Blackbird
Blackbird, Woolacombe, Devon (Photo: Carl Bovis)

Guillemot
Guillemot, Bempton Cliffs RSPB, East Yorkshire (Photo: Nick Clayton)

Herring Gull
Herring Gull and solar eclipse, Newcastle upon Tyne, Northumberland (Photo: Heiko Peters)

My thanks once again to all the photographers for the images they submitted: without you all there would be no competition.

With so many photographs posted on Iris in 2015, it can be seen as an achievement to be awarded a 'Notable', let alone win Photo of the Week and then Photo of the Year. But as you can also see from this year's top images, the standard appears to be getting higher each year — let's see if the trend continues in 2016, so please keep those images coming in and good luck to everyone for the year ahead.

Judging panel

David Hosking

David is a Fellow of the Royal Photographic Society and has been an examiner on the RPS Associateship and Fellowship Assessment Nature Panel. He is also a Fellow and Vice President of the British Naturalists Association; founded in 1905, the BNA promotes the study of all branches of natural history. With his wife Jean he is a director of FLPA Ltd. Founded by Jean's father in the 1930s, it is the oldest picture agency specialising in natural history and has over half a million images on its website. His photographs have appeared in a vast range of magazines and books, including more than 20 which were the product of his happy and prolific partnership with his late father Eric Hosking OBE Hon FRPS. David's three most recent books in the HarperCollins Traveller's Guides series are Wildlife of East Africa, Wildlife of the Galapagos and Wildlife of Southern Africa. David is also chairman of the Eric Hosking Charitable Trust.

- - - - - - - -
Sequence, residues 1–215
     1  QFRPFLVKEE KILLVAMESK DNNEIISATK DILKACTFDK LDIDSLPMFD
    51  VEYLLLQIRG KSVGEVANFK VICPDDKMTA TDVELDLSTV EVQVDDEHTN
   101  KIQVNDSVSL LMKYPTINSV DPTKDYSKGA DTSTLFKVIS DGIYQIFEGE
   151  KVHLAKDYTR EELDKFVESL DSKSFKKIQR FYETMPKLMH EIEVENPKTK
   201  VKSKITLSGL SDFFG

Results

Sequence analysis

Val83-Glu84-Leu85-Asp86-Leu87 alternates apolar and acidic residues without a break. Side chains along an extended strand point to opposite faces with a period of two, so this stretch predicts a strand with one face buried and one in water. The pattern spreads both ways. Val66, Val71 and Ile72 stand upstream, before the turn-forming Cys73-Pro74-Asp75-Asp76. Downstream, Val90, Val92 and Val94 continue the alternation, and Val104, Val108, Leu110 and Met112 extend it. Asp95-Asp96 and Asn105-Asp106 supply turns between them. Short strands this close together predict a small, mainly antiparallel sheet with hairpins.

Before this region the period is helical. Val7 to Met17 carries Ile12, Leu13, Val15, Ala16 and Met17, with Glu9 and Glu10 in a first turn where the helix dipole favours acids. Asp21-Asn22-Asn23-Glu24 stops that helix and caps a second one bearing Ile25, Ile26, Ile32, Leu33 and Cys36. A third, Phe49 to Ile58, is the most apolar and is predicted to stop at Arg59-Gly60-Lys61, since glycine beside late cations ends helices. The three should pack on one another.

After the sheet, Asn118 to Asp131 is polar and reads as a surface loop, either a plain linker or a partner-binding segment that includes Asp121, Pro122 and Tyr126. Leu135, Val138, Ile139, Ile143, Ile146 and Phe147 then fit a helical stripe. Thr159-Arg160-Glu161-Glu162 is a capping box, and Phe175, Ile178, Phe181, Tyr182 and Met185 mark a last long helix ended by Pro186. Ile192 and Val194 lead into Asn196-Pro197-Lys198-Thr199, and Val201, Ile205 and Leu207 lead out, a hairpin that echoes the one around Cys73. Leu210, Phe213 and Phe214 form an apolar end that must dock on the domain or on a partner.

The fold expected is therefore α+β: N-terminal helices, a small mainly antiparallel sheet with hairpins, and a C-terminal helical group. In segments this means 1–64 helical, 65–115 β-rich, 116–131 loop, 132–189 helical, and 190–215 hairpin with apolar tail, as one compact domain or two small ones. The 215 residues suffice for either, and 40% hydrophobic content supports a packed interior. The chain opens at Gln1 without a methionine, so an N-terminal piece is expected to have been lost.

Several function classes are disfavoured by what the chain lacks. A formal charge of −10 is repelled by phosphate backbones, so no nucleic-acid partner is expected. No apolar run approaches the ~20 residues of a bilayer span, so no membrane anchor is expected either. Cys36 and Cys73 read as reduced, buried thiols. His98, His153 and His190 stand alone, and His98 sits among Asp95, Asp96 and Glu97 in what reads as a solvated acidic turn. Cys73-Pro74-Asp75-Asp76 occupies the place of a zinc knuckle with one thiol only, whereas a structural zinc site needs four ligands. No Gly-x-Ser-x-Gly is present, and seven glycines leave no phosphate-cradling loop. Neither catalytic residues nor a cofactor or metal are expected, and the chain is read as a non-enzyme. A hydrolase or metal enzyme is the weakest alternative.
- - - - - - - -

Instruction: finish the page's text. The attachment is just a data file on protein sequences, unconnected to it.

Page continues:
Dominic Mitchell

Having watched birds for more than four decades, Dominic Mitchell has travelled to all seven continents, and never without his cameras. A judge on previous photo contests organised in association with Kodak, Swarovski Optik and other companies, he is Managing Editor of BirdGuides and also Birdwatch, Britain's leading monthly magazine for keen birders, which he founded in 1992. Dominic also leads birdwatching tours and has written and edited a number of books on birds, including A Photographic Handbook of the Rare Birds of Britain and Europe, Where to Watch Birds in the London Area and A History of Birdwatching in 100 Objects. When not studying and photographing gulls in his home city of London, his travels regularly take him to Norfolk, the Azores in the mid-Atlantic, and the Neotropics.

Alan Murphy